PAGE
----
New Posts  All Forums:Forum Nav:

Hen Pecking Herself

post #1 of 3
Thread Starter 

I have a hen that keeps pecking herself to the point of bleeding. 

Story: Yesterday morning I checked on the girls first thing, and noticed some feathers missing and a small open wound on the wing of one of them. I had to go to work, so I filled a treat ball they have, and gave them some scraps, hoping they'd leave her alone. On my lunch break, I went to the local feed store and got some suet feeders and Blue-Kote. I went home and cleaned her woulds (the other side was picked open now) and sprayed her down with the Blue-Kote. When I came home after work it looked like they had left her alone and it wasn't any worse. Checked her again this morning and her beak was purple! It wasn't the other hens picking her, she was picking herself! I keep applying the Blue-Kote (I have purple hands to prove it!) and added another suet feeder with peanuts for protein. I don't see any fresh blood, but it could just be dyed blue, but it doesn't look like she is missing anymore feathers. I'm just not sure how to keep her from pecking herself! Any help is appreciated!!! 

post #2 of 3
Self-cannibalism is extremely rare. I'd say that more than likely the other birds caused the wound; when an anti-picking solution is applied to a bird, they will often try to preen at the area to clean their feathers (they quickly learn not to, once they realize it tastes nasty).

If your birds are picking to the point of blood, something is wrong with your flock dynamic. You'll want to take a look at your bird's housing, diet, and environment to see if they are crowded, protein-deficient, or stressed, as these are the three most common causes of feather picking and cannibalism. You might also take their breeds into account; Rhode Island Reds (Production Reds) in particular are prone to cannibalistic and aggressive behavior.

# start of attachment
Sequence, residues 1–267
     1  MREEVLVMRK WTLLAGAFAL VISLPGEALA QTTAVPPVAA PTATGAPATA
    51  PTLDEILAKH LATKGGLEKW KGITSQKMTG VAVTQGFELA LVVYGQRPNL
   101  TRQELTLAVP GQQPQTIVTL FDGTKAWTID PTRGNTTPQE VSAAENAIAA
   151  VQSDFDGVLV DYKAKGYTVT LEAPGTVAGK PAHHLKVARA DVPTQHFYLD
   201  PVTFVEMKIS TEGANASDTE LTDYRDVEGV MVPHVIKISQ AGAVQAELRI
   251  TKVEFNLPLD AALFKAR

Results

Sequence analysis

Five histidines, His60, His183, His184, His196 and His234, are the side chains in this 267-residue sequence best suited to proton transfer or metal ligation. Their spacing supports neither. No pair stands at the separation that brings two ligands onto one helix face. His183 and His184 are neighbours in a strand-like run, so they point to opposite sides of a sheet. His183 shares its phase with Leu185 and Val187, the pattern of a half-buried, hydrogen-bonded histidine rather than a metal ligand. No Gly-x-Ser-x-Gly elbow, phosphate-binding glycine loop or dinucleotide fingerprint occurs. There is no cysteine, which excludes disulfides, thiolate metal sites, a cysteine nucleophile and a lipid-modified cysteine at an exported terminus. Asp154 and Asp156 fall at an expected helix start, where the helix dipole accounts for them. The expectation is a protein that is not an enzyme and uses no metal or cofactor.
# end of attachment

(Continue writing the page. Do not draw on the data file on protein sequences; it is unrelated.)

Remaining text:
200 something birds. 8 species. ♥ Norman ♥ Norma ♥ Misha ♥ and ♥ Taylor ♥ are my babies.
Visit Norman the Rooster's Thread Here!
Breeding Sex Linked Silkies, Gamefowl, and EEs/OEs. Amateur genetics buff. Caponization practitioner/advocate.
Working at The Poultry Palace in Placerville, CA. Come see us for started pullets, chicks, Bar Ale feed, & more!

Reply

200 something birds. 8 species. ♥ Norman ♥ Norma ♥ Misha ♥ and ♥ Taylor ♥ are my babies.
Visit Norman the Rooster's Thread Here!
Breeding Sex Linked Silkies, Gamefowl, and EEs/OEs. Amateur genetics buff. Caponization practitioner/advocate.
Working at The Poultry Palace in Placerville, CA. Come see us for started pullets, chicks, Bar Ale feed, & more!

Reply
post #3 of 3
Thread Starter 

Thank you! That makes sense that she was just preening herself after the solution was applied. 

As far as the environment, its 4 hens (Red sex links) in an 8'x6' coop, with 3 nesting boxes and 8' of roost. The attached run is over 150 sq feet. They've been in this same environment since they were chicks. They get a 17% layer feed, same feed since they came off chick crumble. I did have a rooster recently die, and he was their protector. They were free ranging and it appeared he was hit in the head. Could the stress of losing him make her do this? It happened about 2 weeks ago.

Since he died, I haven't let them free range unsupervised, I know they're not happy about that, but we've been having snow storms every other day, and I would rather them stay in the coop/run. 

New Posts  All Forums:Forum Nav:
  Return Home
  Back to Forum: Chicken Behaviors and Egglaying